So these are some common screen sizes that we have available to us. 800 by 600 is probably one of the more common ones that I see from time to time when I'm out in the field giving presentations. Unfortunately this is the smallest resolution and some older hotels and conference centers still use this resolution for their projectors. This is going to be the most cramped and small presentation you've ever created if you run across this, but you just have to make due with what you have 1024 by 768 is becoming more and more the standard of today. 1024 by 768 is just like a standard wallpaper size for older computer monitors.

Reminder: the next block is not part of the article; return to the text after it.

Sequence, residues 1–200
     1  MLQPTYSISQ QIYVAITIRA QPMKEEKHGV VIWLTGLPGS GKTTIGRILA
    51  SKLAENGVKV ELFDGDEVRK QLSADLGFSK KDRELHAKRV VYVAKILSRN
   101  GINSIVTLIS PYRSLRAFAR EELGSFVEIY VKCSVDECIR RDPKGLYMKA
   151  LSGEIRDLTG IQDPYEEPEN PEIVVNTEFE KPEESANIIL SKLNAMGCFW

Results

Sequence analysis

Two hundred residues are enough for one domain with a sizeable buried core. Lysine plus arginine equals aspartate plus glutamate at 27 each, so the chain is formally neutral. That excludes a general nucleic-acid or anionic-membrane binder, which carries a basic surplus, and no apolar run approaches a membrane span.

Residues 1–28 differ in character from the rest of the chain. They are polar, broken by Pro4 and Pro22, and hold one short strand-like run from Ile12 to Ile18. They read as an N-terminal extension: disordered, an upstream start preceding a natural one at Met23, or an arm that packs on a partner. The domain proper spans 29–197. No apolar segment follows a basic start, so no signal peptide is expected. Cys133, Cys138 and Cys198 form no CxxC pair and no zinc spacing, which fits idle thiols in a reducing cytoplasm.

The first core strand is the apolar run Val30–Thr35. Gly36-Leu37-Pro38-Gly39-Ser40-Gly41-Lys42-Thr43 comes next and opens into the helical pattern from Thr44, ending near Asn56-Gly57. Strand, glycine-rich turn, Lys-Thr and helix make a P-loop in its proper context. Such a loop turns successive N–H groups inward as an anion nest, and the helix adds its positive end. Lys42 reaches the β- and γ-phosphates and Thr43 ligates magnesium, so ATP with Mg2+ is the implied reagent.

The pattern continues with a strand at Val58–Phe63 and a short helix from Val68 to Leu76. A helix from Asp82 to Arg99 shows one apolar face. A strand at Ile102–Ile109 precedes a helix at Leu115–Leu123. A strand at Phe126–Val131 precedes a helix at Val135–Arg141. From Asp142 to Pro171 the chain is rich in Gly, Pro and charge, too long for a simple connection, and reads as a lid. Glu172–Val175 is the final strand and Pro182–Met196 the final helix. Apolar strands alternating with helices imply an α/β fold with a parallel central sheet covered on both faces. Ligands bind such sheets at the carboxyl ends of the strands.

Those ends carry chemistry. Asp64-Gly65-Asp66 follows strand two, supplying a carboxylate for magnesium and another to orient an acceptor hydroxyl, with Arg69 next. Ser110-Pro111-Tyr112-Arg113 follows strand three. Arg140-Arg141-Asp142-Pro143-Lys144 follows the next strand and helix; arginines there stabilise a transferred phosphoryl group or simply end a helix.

And this is actually what you see probably 9 times out of 10 when you go to modern conference centers. 1280x720 should be considered a luxury, in my opinion. Now, I just spoke at several conferences this year where most of the big time conferences are moving to a 1280x720 setup. The projectors are getting better and better at doing this, so 1280x720 I think will slowly become the new standard going forward but we can't really rely on that just yet. 1980 by 1020 that's a pipe dream for me personally because I really want that to be standard and I'm sure at some point it will whenever everybody in the world has these 30 inch high definition displays.